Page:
NANO FERTILISER

Recently, the Indian Farmers Fertiliser Cooperative Limited (IFFCO) introduced the world’s first Nano Urea Liquid for farmers across the world.

Indian Farmers Fertiliser Cooperative Limited

  • It is one of India’s biggest cooperative societies which is wholly owned by Indian Cooperatives
  • Founded in 1967 with just 57 cooperatives, today it is an amalgamation of over 36,000 Indian Cooperatives with diversified business interests ranging from General Insurance to Rural Telecom apart from its core business of manufacturing and selling fertilisers.
  • To enable Indian farmers to prosper through timely supply of reliable, high quality agricultural inputs and services in an environmentally sustainable manner and to undertake other activities to improve their welfare.

Important points:

  • It is a nutrient (liquid) to provide nitrogen to plants as an alternative to the conventional urea.
  • It is developed to replace conventional urea and it can curtail the requirement of the same by at least 50%.
  • It contains 40,000 mg/L of nitrogen in a 500 ml bottle which is equivalent to the impact of nitrogen nutrient provided by one bag of conventional urea.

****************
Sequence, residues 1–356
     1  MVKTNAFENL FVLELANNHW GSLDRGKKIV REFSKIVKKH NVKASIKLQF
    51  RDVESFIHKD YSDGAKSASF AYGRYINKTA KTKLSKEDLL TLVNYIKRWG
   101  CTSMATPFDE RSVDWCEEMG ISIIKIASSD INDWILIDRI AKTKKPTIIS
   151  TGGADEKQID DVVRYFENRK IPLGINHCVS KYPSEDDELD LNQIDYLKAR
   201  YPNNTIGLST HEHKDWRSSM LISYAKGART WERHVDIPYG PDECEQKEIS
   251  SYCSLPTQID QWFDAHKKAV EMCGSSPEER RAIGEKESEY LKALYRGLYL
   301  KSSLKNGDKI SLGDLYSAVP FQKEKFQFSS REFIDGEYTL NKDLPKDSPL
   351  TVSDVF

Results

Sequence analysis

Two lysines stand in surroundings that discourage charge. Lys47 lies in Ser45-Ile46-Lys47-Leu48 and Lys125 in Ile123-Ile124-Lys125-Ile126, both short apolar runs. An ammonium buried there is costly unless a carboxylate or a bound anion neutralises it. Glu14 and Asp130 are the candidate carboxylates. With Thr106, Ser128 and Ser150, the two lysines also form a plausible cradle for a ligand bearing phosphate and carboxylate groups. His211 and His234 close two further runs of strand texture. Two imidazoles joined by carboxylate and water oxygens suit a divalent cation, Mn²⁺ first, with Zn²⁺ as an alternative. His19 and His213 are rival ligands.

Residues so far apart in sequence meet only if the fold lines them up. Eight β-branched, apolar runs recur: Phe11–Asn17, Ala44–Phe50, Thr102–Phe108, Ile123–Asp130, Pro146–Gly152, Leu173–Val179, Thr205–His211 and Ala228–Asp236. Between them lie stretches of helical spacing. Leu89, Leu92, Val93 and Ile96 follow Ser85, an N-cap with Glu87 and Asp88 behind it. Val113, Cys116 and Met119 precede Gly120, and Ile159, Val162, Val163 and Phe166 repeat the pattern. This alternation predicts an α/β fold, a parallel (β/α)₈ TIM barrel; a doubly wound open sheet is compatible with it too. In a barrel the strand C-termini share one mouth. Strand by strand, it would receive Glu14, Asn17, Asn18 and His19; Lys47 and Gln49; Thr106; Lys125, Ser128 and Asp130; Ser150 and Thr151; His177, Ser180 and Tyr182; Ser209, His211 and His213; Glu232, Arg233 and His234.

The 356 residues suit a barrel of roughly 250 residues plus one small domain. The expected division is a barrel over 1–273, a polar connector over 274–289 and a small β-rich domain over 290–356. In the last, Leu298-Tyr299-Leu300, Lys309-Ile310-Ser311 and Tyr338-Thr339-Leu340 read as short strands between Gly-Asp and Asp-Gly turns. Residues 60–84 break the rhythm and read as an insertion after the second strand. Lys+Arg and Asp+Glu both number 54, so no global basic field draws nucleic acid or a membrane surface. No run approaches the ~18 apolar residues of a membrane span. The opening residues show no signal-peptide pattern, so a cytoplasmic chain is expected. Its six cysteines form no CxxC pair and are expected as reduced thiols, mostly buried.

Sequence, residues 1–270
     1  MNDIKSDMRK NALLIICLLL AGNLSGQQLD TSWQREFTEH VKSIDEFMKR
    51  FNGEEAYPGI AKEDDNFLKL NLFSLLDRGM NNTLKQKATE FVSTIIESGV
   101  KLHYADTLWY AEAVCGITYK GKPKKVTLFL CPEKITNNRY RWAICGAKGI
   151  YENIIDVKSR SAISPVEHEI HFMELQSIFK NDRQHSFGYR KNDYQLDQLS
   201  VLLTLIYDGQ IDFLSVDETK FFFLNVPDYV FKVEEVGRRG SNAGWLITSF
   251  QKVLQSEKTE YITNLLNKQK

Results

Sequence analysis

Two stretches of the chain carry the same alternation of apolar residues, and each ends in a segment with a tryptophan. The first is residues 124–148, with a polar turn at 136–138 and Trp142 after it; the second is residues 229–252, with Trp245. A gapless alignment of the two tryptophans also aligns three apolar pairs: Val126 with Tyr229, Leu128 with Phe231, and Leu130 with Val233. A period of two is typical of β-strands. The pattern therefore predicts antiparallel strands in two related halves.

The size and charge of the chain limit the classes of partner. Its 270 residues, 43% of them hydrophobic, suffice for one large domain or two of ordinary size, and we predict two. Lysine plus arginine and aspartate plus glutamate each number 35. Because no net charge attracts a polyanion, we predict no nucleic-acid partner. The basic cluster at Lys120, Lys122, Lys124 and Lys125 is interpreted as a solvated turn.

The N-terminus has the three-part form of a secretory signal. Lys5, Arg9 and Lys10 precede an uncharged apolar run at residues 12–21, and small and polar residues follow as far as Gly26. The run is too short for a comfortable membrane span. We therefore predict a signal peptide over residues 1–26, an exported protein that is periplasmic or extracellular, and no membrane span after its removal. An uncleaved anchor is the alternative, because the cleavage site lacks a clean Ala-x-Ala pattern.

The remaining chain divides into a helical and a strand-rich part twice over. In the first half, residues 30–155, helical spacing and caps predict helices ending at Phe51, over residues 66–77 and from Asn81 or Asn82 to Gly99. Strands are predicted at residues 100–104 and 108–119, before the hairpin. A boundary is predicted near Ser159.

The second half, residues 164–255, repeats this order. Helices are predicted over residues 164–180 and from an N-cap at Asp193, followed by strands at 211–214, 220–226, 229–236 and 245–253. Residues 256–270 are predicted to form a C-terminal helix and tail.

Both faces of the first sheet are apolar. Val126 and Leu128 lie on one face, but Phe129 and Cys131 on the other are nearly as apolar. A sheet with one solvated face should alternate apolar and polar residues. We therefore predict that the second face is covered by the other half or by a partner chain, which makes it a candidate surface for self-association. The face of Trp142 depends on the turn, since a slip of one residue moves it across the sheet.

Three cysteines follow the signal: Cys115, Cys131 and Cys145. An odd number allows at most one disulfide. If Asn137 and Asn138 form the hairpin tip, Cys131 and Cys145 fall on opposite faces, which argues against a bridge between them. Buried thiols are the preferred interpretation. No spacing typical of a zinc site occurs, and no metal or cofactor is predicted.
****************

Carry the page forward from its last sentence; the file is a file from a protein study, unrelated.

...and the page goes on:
• Conventional urea is effective 30-40% in delivering nitrogen to plants, while the effectiveness of the Nano Urea Liquid is over 80%.
  • Its effectiveness has been tested in over 11,000 farmers’ fields for 94 crops like rice and wheat.
  • An average 8% increase in yield has been witnessed.
  • It has been indigenously developed at Nano Biotechnology Research Centre, Kalol, Gujrat in line with Atmanirbhar Bharat and Atmanirbhar Krishi.
  • India is dependent on imports to meet its urea requirements.

Significance:

  • It has been found effective and efficient for plant nutrition which increases the production with improved nutritional quality.
  • It will boost a balanced nutrition program by reducing the excess use of Urea application in the soil and will make the crops stronger, healthier and protect them from lodging effect.
  • Lodging is the bending over of the stems near ground level of grain crops, which makes them very difficult to harvest, and can dramatically reduce yield.
  • It will also have a huge positive impact on the quality of underground water, a very significant reduction in global warming with an impact on climate change and sustainable development.
  • It is easy on the pocket of farmers and will be effective in increasing farmers’ income. It will also significantly bring down the cost of logistics and warehousing.

SOURCE: THE HINDU,THE ECONOMIC TIMES,MINT

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